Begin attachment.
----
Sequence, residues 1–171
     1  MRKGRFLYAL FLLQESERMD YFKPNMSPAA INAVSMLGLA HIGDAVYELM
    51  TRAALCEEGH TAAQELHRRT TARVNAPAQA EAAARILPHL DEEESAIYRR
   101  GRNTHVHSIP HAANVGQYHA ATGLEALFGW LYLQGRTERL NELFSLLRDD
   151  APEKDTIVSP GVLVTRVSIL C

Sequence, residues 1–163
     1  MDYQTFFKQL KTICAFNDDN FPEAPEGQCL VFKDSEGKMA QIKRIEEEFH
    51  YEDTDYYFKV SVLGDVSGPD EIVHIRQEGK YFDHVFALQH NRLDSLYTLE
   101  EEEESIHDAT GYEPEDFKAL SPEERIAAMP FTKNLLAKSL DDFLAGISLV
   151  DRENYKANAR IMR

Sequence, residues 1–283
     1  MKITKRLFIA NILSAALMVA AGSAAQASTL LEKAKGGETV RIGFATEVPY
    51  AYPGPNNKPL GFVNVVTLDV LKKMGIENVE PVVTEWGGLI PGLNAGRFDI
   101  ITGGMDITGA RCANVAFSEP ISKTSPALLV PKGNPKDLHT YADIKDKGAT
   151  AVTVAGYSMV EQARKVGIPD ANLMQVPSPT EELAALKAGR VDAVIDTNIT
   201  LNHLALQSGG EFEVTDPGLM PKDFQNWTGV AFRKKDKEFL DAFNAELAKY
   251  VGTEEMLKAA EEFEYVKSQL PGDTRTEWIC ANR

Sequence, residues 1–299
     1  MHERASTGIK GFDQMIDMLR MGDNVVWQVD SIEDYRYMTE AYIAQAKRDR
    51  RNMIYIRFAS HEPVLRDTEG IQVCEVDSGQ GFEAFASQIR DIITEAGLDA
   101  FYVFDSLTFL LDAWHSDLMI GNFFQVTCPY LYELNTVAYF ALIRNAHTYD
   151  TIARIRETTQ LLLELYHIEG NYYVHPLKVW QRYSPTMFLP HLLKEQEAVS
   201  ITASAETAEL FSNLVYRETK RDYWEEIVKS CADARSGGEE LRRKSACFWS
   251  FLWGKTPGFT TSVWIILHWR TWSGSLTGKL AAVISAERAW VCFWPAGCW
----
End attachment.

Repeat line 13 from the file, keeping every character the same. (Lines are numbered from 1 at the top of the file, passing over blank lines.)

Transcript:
    51  AYPGPNNKPL GFVNVVTLDV LKKMGIENVE PVVTEWGGLI PGLNAGRFDI